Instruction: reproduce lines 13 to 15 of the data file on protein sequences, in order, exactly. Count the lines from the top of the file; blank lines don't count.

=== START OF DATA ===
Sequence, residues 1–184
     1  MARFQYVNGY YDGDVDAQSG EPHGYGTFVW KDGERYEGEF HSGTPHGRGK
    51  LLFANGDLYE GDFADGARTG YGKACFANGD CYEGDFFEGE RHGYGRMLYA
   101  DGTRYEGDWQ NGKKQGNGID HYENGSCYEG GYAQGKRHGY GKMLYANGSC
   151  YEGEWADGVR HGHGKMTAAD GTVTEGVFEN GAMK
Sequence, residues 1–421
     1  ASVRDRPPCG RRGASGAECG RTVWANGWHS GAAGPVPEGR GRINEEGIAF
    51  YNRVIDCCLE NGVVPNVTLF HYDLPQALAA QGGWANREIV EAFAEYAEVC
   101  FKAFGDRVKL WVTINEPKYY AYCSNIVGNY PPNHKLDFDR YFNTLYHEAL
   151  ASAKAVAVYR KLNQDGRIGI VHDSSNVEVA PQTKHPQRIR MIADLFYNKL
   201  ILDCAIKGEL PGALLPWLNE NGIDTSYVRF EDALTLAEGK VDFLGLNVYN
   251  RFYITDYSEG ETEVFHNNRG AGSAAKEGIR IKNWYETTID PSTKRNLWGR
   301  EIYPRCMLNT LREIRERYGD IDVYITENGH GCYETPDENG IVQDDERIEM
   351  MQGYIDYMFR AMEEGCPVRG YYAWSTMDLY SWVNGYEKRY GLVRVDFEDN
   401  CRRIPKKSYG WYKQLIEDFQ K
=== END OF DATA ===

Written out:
   301  EIYPRCMLNT LREIRERYGD IDVYITENGH GCYETPDENG IVQDDERIEM
   351  MQGYIDYMFR AMEEGCPVRG YYAWSTMDLY SWVNGYEKRY GLVRVDFEDN
   401  CRRIPKKSYG WYKQLIEDFQ K